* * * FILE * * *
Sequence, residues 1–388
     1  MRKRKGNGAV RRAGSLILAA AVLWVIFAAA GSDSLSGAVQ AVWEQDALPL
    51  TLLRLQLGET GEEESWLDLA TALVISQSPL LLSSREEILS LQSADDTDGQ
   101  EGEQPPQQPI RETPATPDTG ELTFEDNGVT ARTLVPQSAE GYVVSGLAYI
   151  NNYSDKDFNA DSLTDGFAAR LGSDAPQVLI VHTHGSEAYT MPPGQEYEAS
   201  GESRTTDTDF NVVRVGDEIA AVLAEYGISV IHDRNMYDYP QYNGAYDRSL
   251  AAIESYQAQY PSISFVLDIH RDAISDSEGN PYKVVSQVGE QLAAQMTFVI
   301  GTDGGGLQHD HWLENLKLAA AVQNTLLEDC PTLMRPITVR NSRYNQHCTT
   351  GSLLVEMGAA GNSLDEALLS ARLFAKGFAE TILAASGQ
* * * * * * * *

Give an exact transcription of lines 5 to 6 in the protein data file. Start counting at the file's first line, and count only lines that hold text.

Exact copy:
   151  NNYSDKDFNA DSLTDGFAAR LGSDAPQVLI VHTHGSEAYT MPPGQEYEAS
   201  GESRTTDTDF NVVRVGDEIA AVLAEYGISV IHDRNMYDYP QYNGAYDRSL